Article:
The Heart of Homeschooling
The Heart of Homeschooling
“Remember not the former things, nor consider the
things of old. Behold, I am doing a new thing; now it springs forth, do you not
perceive it? I will make a way in the wilderness and rivers in the desert.”
The turn of a new year brings about a feeling of hopefulness. As we come out of a busy, but glorious, season of celebrating the birth of our Savior, we can begin to look forward to a time of renewal, regrouping, and reevaluating. The New Year can also bring forth a sense of dread. The fall semester maybe wasn’t going so well, you were so thankful for Christmas break, and now it’s back to the grind? Here’s some ideas to make the best of the changing season and upcoming spring semester:
Our church, Church of the Highlands, holds two seasons collective prayer. The first 21 Days of Prayer is held in January and the second is in August. Both are big seasons of change in our lives… a new calendar year and a new school year.
“Praying at all times in the Spirit, with all prayer and supplication. To that end keep alert with all perseverance, making supplication for all the saints”
Reevaluate your schedule, curriculum, homeschooling needs:
If you are anything like me, you start off with some pretty grandiose homeschooling plans. I begin with covering all the basic subjects, then add a little enrichment here and there. “Oooo… those poetry workbooks look great! They will supplement our language arts curriculum so nicely!” (Clicks ‘Add to Cart.’) “Ohhh… and these science experiments/art projects/geography games/flash cards/Hot Dots/read-alouds will all round out our curriculum plans.” (Clicks ‘Add to Cart.) All the stuff arrives and I’ve got it all organized and easily accessible in the school room, along with a planner for each child and where everything fits in the day. Fast forward to November, and it’s not uncommon to hear me say, “No, we aren’t doing any of that fun enrichment stuff. It’s noon and you are still on the first subject of the day.” Or maybe that new math program that looked so fabulous wasn’t all it summed up to be. Your student is frustrated and so are you. The New Year is an excellent time to change things up! Ditch that math curriculum! Reorganize your schedule so that things actually fit and are manageable. On the flip side, if your plan is always organized and methodically kept, try to loosen up a bit. Say YES when your kids say it’s beautiful outside and they’d love to go to the park. Plan a field trip. Curl up on the couch with a read-aloud. I love this quote from Jamie Martin of the Simple Homeschool Mom, “I’ll do my best to remember that productivity is not the be all and end all to my days. Getting Things Done may make for a good book title, but it doesn’t necessarily make for a good life.”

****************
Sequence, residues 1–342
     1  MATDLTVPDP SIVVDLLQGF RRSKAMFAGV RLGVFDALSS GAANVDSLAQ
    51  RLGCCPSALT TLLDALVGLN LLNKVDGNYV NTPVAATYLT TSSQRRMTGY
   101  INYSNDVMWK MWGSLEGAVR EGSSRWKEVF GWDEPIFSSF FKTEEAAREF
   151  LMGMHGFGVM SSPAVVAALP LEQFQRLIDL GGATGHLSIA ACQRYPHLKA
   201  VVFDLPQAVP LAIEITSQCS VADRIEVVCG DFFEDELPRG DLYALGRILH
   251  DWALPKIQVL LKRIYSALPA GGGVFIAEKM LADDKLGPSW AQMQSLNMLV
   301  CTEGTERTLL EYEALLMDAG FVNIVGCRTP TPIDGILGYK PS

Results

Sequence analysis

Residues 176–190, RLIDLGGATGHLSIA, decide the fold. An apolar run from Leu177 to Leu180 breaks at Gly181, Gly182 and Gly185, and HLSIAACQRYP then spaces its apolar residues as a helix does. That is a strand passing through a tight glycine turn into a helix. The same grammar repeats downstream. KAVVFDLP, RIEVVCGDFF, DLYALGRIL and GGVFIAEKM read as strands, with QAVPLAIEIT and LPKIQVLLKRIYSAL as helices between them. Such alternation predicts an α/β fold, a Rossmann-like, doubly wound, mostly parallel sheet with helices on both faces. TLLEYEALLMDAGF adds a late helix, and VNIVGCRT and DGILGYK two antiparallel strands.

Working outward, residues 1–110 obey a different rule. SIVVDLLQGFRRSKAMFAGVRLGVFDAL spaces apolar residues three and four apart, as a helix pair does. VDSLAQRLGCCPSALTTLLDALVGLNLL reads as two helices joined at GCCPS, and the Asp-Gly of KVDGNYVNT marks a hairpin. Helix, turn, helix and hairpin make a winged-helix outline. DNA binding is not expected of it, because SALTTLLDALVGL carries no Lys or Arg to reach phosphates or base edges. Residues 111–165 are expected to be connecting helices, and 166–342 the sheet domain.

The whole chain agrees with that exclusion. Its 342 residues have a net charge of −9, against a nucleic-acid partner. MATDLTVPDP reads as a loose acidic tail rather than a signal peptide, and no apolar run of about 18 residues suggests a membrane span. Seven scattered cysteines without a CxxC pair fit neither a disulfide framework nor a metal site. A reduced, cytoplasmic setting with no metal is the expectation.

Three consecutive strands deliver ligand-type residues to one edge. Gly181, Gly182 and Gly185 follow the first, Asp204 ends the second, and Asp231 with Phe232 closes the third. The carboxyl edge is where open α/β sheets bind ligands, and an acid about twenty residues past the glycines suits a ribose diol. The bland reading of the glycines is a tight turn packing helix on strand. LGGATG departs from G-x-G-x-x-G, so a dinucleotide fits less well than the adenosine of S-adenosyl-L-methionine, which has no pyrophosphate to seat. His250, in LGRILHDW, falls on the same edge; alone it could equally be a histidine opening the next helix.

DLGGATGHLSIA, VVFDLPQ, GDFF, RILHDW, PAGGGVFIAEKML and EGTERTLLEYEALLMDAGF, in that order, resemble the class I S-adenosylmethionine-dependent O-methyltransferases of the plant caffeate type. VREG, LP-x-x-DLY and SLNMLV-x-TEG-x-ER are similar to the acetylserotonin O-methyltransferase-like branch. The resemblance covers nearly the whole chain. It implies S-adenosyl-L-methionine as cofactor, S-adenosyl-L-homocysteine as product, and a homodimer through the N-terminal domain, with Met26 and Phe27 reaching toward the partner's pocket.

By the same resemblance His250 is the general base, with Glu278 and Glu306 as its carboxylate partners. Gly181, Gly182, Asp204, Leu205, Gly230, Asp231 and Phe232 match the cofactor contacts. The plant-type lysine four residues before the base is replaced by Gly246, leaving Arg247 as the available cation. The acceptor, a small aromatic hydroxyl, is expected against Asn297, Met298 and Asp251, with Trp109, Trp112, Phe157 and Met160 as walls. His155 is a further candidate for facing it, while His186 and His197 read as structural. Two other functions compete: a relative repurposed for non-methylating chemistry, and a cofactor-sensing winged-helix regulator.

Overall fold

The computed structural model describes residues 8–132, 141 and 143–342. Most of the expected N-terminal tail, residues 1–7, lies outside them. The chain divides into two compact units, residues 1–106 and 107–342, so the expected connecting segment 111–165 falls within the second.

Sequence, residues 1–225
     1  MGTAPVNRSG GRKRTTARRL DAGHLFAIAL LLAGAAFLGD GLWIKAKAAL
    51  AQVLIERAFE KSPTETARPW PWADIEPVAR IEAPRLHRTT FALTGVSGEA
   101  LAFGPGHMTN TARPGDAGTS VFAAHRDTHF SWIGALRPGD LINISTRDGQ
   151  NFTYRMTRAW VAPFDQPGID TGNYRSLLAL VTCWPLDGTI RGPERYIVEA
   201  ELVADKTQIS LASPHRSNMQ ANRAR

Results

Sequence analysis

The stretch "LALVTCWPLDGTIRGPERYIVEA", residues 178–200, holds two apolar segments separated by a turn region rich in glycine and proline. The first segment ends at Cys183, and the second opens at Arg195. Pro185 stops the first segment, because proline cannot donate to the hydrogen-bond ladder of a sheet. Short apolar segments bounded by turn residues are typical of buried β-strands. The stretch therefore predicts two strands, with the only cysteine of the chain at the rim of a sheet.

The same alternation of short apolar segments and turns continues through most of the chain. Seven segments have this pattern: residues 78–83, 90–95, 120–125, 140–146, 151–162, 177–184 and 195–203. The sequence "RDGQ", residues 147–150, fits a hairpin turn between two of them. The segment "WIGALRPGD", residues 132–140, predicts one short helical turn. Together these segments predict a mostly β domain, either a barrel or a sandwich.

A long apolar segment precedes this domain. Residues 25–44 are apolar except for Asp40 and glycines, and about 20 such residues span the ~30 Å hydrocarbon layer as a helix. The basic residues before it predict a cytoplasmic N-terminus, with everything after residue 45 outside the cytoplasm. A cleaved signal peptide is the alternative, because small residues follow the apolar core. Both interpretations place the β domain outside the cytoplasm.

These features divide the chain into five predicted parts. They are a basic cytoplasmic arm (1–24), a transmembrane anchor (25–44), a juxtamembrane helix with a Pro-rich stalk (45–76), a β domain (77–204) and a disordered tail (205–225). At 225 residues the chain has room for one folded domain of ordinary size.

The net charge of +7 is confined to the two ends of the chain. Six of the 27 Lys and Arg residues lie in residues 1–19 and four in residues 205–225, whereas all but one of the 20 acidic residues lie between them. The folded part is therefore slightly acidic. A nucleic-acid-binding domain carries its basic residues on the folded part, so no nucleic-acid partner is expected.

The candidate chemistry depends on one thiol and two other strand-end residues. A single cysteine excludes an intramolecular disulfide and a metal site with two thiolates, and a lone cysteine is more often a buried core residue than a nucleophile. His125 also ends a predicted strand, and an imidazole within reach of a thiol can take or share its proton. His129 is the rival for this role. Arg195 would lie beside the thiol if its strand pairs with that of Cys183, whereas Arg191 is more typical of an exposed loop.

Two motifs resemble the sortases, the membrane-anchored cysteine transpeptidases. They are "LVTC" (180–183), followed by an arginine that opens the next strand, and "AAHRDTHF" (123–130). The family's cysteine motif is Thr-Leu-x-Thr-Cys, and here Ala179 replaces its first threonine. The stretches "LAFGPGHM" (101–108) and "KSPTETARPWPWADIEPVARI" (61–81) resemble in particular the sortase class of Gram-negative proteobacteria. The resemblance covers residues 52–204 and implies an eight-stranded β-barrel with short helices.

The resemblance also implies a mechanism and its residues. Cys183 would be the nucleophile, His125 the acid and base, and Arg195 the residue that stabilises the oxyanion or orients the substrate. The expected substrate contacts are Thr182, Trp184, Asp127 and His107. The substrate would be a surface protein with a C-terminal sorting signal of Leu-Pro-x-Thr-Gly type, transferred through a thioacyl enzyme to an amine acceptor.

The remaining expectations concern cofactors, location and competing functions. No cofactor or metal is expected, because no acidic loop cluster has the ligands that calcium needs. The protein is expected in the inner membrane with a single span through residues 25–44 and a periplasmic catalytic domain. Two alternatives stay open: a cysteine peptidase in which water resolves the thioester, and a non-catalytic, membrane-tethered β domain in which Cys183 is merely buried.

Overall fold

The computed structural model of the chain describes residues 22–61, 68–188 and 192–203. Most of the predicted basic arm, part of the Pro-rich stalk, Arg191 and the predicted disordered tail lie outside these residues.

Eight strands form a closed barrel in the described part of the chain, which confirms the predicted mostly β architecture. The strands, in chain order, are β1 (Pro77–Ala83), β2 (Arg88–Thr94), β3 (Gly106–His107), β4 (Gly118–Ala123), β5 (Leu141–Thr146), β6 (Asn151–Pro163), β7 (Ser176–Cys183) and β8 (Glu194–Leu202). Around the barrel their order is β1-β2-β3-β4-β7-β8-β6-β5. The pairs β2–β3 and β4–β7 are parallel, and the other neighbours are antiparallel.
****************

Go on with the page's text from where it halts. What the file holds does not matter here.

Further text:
“Let us test and examine our ways, and return to the Lord!”
Encourage your kids to make their own goals. Suggest that they really concentrate on tackling that skill they’ve been struggling with. Or… that they lay that struggle aside and focus on a less stressful, more confidence-building task. Have your kids come up with a community service project or other way they can give of themselves and their talents. Consider joining a homeschooling group or co-op. There might be spots open in that group you tried to join in the fall. Give the director or organizer a call! Ask your students if they would like to sign up for a spring sport… such as softball or baseball. Maybe they could commit to learning something new in their free time… such as sign language, knitting, or typing. (FYI… I got my kids a typing CD-ROM program, and they ask to do it extra on top of their assignments! There’s a Disney themed one that they particularly like.) Sign up for a pen pal. (There are safe programs online, such as writing to military children overseas.) Sit down and take a moment to ask each child how they feel their school year is going and what things are going well and what areas need attention. It’s important that they know they are respected in decision making processes, and it is a good idea to start promoting self-assessment skills that will be valuable to them in the high school and college years.
The heart of man plans his way, but the Lord establishes his steps.
Overall, I’m pretty pleased at how our school year is coming, but I know there are things we could improve on. Here’s a short list of 2017 resolutions for Kittrell Academy:
1. I’m going to stay current on grading things. Or at least try. “Current” is also a very subjective word.
2. I’m going to let the kids have more free time to explore creative activities. This may sometimes mean skipping math or science a day, and I’m going to be OK with that.
3. We will attempt to identify how and prevent reoccurrence of permanent marker events with the resident toddler. She somehow daily gets the darn things and writes on herself and other objects.
4. I want to praise my children more often for their successes instead of chastise them for failures.
5. We will start small… but we will attempt to get dressed at least 50% of the school week.
6. Most of all, I want to be more grateful for this crazy, little life I live, relax, and enjoy these precious gifts of life that God has given me.
About the Author: Terra Kittrell is a stay-at-home and homeschooling mother of Kaleb, 17, Chandler, 15, Ty, 13, Ramsi Kate, 9, and Oaklee, 2. She and her husband, LaTrelle, live in the Samantha community and are members of Church of the Highlands. You can email her at firstname.lastname@example.org.